Thursday, November 27, 2014

Book Review: 100 People Who Changed America

A Fair Trade Book

Title: 100 People Who Changed America
       
Author: Scholastic Books staff, primarily Russell Freedman

More about Russell Freedman and his work: http://www.ric.edu/astal/authors/russellfreedman.html
       
Date: 2004
       
Publisher: Scholastic
       
ISBN: 0-439-70999-7
       
Length: 64 pages
       
Illustrations: lots of graphics, black-and-white photos
       
Quote: “The photos and facts included on these pages are snapshot invitations for you to explore more about an individual’s life.”
       
Russell Freedman, who wrote Lincoln, a Photobiography, wrote several of the mini-biographies in this book.
       
The best and worst thing about a book like this is the selection of subjects, so here are the people Freedman thinks children should read about: Bill Gates, William Randolph Hearst, John Jay, Juliette Gordon Low, Thurgood Marshall, Sandra Day O’Connor, John D. Rockefeller, Muriel Siebert, Madam C.J. Walker, Oprah Winfrey, Benjamin Banneker, Alexanderr Graham Bell, Clarence Birdseye, Nolan Bushnell, Willis Haviland Carrier, George Washington Carver, Walt Disney, Thomas Edison, Henry Ford, Benjamin Franklin, Milton Hershey, Steve Jobs, Maya Lin, J. Robert Oppenheimer, Elisha Otis, Noah Webster, Eli Whitney, Frank Lloyd Wright, Orville and Wilbur Wright, Jane Addams, Susan B. Anthony, Mary McLeod Bethune, Jimmy Carterr, Cesar Chavez, Shirley Chisholm, Frederrick Douglarss, Thomas Jefferson, Helen Keller, John F. Kennedy, Martin Luther King Jr., Abraham Lincoln, Wilma Mankiller, Rosa Parks, Alice Paul, Pocahontas, Ronald Reagan, Eleanor, Franklin, and Theodore Roosevelt, Gloria Steinem, Sojourner Truth, Harriet Tubman, George Washington, Maya Angelou, Chuck Berry, Margaret Bourke-White, Emily Dickinson, W.E.B. DuBois, Ella Fitzgerald, Theodor Seuss Geisel, Martha Graham, D.W. Griffith, Jim Henson, Langston Hughes, Toni Morrison, “Jelly Roll” Morton, Georgia O’Keeffe, Elvis Presley, Norman Rockwell, Steven Spielberg, Mark Twain, Andy Warrhol, Walt Whitman, Neil Armstrong, Clara Barton, Rachel Carson, William Clark (why not Meriwether Lewis?), Amelia Earhart, Albert Einstein, Robert Goddard, Mae Jemison, Charles Lindbergh, Sally Ride, Sacajawea,Jonas Salk, James Watson, Muhammad Ali, Michael Jordan, Jackie Joyner-Kersee, Billie Jean King, Bruce Lee, Jesse Owens, Jackie Robinson, Wilma Rudolph, Babe Ruth, Jim Thorpe, Tiger Woods, and Babe Didrikson Zaharias.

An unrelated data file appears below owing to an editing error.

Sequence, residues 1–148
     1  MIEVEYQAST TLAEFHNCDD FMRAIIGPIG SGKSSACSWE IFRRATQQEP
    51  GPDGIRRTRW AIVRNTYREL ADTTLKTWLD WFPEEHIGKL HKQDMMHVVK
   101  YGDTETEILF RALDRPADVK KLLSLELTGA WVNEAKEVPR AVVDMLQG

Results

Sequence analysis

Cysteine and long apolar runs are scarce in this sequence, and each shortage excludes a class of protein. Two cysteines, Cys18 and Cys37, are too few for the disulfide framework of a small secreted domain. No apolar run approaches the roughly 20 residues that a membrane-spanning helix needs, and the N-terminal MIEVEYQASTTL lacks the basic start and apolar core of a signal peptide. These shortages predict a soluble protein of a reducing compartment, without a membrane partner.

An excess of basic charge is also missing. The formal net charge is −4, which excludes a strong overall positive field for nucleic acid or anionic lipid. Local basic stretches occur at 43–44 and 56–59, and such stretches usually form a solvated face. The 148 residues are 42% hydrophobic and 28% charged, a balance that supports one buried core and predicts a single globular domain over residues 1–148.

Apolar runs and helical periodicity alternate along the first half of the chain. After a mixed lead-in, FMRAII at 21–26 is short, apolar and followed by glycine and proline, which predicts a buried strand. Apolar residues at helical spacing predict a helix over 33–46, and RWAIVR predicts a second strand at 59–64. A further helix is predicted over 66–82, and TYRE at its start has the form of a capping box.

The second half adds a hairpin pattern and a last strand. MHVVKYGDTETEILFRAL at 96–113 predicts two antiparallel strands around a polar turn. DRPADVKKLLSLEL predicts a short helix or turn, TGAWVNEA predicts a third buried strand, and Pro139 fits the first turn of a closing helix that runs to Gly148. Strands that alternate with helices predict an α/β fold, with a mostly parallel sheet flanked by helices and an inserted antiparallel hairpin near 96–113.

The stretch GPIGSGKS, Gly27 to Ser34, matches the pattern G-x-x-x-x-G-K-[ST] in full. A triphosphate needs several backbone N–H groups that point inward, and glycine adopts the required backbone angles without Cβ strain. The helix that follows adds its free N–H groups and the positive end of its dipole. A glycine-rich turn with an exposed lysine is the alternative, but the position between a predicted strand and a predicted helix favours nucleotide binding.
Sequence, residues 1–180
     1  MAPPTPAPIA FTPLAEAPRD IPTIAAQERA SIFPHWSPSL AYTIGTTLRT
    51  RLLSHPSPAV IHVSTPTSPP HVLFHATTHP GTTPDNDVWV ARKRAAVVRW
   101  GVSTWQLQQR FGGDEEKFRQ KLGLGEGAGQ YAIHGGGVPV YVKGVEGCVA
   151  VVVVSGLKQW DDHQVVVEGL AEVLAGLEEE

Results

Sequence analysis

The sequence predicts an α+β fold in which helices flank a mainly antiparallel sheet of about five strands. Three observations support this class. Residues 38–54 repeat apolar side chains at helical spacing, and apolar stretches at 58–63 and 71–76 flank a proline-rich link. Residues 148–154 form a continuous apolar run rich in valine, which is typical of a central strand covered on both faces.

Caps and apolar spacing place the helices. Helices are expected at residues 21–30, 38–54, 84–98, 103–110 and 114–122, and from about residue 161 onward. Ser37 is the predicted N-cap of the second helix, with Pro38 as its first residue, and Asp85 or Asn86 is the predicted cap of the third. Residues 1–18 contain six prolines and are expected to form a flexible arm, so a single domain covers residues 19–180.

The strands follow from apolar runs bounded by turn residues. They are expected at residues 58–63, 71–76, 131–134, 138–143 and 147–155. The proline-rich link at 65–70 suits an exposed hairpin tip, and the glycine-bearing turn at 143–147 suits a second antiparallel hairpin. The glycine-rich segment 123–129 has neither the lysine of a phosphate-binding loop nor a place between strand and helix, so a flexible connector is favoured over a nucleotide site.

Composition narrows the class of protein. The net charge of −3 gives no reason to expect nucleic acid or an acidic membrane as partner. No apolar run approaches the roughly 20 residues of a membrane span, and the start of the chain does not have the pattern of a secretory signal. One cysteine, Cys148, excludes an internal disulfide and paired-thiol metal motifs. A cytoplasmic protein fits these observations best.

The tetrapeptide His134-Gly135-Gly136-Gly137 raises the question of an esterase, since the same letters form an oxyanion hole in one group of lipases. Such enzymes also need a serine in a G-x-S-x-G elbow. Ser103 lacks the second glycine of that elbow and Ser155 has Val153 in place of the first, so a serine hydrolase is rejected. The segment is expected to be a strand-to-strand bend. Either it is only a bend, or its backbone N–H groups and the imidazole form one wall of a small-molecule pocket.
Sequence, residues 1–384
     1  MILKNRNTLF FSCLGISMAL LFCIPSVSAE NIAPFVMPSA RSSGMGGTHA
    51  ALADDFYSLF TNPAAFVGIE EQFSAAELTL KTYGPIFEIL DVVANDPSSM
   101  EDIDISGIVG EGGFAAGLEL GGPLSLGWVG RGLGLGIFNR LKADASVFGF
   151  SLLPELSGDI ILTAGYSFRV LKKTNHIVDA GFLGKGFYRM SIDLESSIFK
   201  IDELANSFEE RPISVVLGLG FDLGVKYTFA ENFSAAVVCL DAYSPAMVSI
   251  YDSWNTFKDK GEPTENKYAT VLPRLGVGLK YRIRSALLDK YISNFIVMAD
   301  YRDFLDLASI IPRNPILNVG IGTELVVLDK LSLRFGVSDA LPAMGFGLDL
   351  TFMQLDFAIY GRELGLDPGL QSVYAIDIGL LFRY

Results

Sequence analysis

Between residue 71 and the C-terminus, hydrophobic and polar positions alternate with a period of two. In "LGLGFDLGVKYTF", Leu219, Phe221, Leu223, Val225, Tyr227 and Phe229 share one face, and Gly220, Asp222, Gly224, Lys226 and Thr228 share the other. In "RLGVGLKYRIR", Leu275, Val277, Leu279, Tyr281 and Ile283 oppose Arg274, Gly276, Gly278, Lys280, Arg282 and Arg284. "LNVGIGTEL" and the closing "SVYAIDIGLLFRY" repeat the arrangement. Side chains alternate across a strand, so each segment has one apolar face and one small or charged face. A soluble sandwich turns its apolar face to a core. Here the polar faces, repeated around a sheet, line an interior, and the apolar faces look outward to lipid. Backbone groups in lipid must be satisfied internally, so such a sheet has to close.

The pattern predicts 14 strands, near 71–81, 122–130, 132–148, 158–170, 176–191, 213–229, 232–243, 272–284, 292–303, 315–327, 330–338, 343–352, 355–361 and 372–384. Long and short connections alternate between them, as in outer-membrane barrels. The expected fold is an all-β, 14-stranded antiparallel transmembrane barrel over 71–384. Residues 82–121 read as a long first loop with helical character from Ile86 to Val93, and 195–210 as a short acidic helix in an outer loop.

Obviously, parents who may have thought they could trust Scholastic to pick good role models for children may have some doubts about this list. According to page 41 “Jelly Roll” Morton “worked as gambler, pool shark, and comedian.” There are things about Morton that children might be encouraged to admire and emulate, but do you really want your kids thinking of “gambler” and “pool shark” as career options?
       
So, this is a book parents need to share with their children. Parents may meet some interesting historical figures whose names they didn’t know. (Did you guess that your air conditioner was named after a man? Did you realize that “Carrier” is a family name? Did you ever wonder who invented air conditioning?) Parents will also think of well-known Americans who might be better role models than the characters discussed in this book—what’s Morton doing in here anyway? Maybe Louis Armstrong and Duke Ellington were more controversial? If so, why isn’t Marian Anderson mentioned?

Even the facts in this book are not beyond questioning. According to 100 People Who Changed America, Abraham Lincoln was still the tallest President we’d ever elected. That was probably true when Freedman started writing Lincoln, a Photobiography, but it ceased to be true in 1992; Lincoln was 6’4”; Bill Clinton was 6’5”. This kind of thing does not make the book useless. In fact, some children may be attracted to the idea that they need to check and correct a Real Book...but parents should be aware that it is that sort of book.

Scholastic Books tend to be widely distributed, so this one's unlikely to reach the collector price range for a while. As a Fair Trade Book, it will cost $5 + $5 for shipping. (Shipping prices consolidate for as many items as fit into one package.) You can find better prices online, but I'm not aware that any other seller that distributes secondhand books pays royalties to living authors. If you e-mail salolianigodagewi @ yahoo that you want to buy this book here, Freedman or a charity of his choice will receive $1 out of your total cost of $10.